Political scientists are quick to note that correlation is not causation. There were “extraordinary factors at play” in Michigan, Brady Baybeck of Wayne State University, said in an email – not the least of which was a proposal to put abortion rights into the state constitution, which drew many young people to the polls and was approved handily.

Still, the data show that in many states with onerous registration requirements, young people simply don’t vote. Tennessee, Alabama and Oklahoma do not have same-day, automatic, or pre-registration, and their youth voting rates in the 2022 midterm were abysmal – as low as 13% in Tennessee, and not much higher in the other states.

Registration processes can also be confusing for college and university students living on a residential campus away from home. Where do they register – on campus? Or in their home state? If they are in a different state, what is the process to vote absentee? Or must they travel home on Election Day?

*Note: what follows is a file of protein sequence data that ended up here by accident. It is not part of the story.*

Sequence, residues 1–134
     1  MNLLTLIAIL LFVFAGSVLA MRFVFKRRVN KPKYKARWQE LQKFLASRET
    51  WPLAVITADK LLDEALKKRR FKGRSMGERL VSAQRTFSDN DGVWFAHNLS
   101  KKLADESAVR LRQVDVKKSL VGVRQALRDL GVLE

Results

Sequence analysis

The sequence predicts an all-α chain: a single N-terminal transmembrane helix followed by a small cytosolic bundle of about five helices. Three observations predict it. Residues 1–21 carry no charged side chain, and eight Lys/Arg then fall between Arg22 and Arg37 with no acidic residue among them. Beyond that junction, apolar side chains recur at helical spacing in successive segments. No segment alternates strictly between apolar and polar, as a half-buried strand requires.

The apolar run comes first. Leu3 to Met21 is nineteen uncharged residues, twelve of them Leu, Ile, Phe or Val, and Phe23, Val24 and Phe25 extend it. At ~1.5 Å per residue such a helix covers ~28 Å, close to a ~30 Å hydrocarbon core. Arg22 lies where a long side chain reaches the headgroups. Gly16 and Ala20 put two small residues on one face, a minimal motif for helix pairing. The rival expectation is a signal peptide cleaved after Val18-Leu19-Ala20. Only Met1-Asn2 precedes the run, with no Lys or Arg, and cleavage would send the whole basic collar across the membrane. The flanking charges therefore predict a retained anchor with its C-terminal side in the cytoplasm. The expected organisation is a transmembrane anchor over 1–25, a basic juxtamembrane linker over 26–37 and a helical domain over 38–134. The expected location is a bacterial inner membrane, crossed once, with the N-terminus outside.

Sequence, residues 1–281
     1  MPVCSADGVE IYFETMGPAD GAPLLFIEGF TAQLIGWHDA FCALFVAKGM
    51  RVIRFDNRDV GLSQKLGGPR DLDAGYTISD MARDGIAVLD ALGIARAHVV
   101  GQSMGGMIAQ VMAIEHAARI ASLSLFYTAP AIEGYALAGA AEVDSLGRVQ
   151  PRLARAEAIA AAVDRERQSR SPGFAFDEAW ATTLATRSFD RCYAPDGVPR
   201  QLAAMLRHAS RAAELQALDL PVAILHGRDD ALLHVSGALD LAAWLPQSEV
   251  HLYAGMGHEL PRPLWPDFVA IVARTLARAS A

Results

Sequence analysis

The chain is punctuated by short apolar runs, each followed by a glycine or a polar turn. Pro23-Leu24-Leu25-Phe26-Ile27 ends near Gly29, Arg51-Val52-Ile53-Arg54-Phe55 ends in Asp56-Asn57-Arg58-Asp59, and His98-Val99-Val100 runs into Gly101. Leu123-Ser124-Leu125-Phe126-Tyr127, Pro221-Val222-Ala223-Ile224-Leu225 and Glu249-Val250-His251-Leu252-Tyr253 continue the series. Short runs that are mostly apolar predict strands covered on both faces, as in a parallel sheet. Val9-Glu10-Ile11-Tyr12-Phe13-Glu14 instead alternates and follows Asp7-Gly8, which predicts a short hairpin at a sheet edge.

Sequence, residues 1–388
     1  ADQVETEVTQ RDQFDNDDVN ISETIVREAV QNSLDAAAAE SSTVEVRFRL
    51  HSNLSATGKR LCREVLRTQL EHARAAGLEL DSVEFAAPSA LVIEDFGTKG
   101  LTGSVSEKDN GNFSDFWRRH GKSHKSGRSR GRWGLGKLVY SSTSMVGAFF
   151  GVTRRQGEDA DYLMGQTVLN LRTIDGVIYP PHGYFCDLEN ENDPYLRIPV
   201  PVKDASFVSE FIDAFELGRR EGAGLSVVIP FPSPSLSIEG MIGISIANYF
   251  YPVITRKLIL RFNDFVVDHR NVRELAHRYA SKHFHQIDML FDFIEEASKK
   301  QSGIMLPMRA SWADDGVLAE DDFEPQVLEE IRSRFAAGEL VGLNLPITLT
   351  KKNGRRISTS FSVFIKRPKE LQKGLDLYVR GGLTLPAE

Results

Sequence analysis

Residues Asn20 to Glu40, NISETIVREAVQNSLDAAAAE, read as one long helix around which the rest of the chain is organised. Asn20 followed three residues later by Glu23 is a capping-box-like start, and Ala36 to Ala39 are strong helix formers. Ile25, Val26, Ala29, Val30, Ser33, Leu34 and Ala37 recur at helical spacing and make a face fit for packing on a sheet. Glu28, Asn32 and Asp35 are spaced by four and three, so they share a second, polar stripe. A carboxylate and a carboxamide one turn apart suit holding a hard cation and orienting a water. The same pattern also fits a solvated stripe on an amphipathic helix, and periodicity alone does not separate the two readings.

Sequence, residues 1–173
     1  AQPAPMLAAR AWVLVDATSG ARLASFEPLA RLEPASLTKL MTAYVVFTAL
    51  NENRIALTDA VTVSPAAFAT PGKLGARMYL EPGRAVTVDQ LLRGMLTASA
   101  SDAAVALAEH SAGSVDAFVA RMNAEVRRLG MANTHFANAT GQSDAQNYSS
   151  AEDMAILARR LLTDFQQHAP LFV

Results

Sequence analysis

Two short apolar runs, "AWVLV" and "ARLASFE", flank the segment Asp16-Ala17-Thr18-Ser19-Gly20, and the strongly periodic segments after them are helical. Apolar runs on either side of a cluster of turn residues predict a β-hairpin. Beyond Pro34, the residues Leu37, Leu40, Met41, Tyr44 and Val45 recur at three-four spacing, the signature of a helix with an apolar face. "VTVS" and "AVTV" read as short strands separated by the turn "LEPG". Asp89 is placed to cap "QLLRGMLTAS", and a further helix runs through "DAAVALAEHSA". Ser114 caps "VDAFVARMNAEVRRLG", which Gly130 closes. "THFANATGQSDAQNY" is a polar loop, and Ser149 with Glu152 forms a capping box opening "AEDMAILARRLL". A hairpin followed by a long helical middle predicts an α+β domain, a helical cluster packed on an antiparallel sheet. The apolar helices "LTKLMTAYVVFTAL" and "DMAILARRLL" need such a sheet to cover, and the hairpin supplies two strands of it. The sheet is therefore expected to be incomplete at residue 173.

Beyond registration, voting rules vary dramatically from state to state. The exigencies of the COVID-19 pandemic forced many states to loosen those rules, smoothing the path toward casting a ballot by allowing voting at home, and dropping requirements to defend absentee balloting. Some of those states never turned back. Eight states automatically sent mail-in ballots to all registered voters in 2022, and many of them boasted high youth turnout as a result. Using data from the National Vote at Home Institute, we can see those states with the most generous policies in 2022 had youth voter turnout at or above the national average, while turnout in the states with the most restrictive policies were far below that average.